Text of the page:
Hundreds of franchisees fail each year, according to the Wall Street Journal.
To avoid being one of these unsuccessful franchises, you must place the customer at the center of your business, deliver the best possible experiences for them, and listen to and act on customer feedback.
Set Up A Review Monitoring System
Adam Broetje, CEO at Odd Dog Media, says that one of the most direct customer feedback platforms franchises have today is online reviews.
“Each location can be individually reviewed, so (online review sites provide) a great measurement of how individual locations are performing, and what customers like or don’t like,” he says.
Broetje’s team recommends that every franchisee set up a review monitoring system for their location. But it’s not just the franchisee that should be monitoring online reviews; even the franchisor should set up a system for listening to customer feedback across all of their locations.
He says, “You will end up with lots of positive feedback about what customers like, with hopefully little feedback about what you can improve.”
For a classic example of how franchise brands can successfully tune into online review sites and manage what customers are saying online, read this case study of Hwy 55 Burgers, Shakes, and Fries.
Information Is Key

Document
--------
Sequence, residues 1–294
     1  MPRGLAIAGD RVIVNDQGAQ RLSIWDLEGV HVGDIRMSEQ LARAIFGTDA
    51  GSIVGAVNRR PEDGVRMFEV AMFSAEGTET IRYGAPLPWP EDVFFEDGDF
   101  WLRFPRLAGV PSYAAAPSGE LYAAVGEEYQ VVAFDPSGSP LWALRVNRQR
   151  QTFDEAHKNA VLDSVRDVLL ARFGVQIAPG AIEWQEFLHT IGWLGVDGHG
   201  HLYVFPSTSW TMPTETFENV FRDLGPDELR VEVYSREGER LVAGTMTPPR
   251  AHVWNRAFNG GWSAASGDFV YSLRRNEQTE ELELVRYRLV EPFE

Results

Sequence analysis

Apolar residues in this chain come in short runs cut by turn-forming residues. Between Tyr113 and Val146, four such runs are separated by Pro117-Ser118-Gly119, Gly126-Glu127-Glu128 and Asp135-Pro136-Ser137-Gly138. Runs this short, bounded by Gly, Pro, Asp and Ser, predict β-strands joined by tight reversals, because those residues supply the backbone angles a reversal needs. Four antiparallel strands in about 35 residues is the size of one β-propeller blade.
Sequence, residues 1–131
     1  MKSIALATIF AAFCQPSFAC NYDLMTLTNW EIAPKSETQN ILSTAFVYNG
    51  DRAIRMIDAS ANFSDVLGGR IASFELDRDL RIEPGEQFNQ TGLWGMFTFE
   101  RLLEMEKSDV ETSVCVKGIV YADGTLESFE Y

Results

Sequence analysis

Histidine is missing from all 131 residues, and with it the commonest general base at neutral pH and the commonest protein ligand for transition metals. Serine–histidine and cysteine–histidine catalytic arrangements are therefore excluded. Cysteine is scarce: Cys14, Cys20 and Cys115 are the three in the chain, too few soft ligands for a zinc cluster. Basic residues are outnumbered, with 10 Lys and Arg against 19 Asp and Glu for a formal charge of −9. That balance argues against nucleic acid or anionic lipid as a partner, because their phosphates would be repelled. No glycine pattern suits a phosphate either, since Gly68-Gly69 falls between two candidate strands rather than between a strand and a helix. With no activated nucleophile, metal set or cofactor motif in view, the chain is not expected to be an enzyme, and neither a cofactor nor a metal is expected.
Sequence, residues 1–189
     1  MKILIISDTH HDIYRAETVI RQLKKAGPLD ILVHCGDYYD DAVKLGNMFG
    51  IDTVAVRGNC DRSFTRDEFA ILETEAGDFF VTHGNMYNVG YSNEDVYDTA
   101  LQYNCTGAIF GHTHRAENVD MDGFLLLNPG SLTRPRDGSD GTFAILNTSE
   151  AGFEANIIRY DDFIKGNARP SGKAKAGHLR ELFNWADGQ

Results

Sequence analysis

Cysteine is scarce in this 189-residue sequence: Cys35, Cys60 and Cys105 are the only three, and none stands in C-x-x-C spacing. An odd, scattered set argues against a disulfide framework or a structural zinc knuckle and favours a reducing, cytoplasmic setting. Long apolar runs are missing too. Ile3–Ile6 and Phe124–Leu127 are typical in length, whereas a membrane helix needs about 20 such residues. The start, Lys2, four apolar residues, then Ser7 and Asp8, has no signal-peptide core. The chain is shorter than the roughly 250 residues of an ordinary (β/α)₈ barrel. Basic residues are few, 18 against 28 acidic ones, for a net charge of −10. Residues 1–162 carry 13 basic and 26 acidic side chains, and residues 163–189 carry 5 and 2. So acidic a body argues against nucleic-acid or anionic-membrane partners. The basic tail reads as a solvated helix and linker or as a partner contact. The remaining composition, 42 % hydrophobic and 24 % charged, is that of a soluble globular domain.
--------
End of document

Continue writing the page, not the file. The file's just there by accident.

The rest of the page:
Chris Conner, president of Franchise Marketing Systems, says that when companies are starting out, it is all about marketing and sales.
“The only way you get a franchise to the point where it’s sustainable and it can survive and it’s (experiencing) scaled growth is by being totally focused on marketing and selling,” he says.
“Information is key to every single decision you make as a business owner, and that is magnified when you’re in franchising. Nine times out of 10, franchisees have never done business they bought into. They are totally green and they need every bit of support, coaching, and handholding that can be offered to them.”
Conner says you can’t just go about franchising without lack of structure. That’s something that might work for two or three stores, but once you get to five, six, seven, fifteen, then you need to have structure and a model and process to get the data to make decisions.
“Analyze the data and come back with a good, valuable direction,” he says. “Otherwise you’re just not going to grow, and that’s key for every part of the business, every aspect of franchising.”
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A Consistent Business Model
George Elfond, co-founder and CEO of Rallyware, has a high-level approach to the success of franchises. He says that franchises must have a good plan for translating their business model to other franchisees quickly and efficiently.
“This process is important because it maintains brand integrity. It immerses franchisees into an existing company culture, delivers just-in-time training, and helps franchisees achieve strong revenue streams,” he says.
By implementing just-in-time on-boarding, training, and engagement programs, franchises are able to build a two-way dialogue with their customers.
These programs also encourage engagement among the franchisees, and they facilitate peer recognition and rewards. Likewise, communication among regional and corporate leaders in the company is important.
Elfond says it’s crucial to be able to streamline franchise network communication and give regional and corporate management access to analytics that provide actionable insights.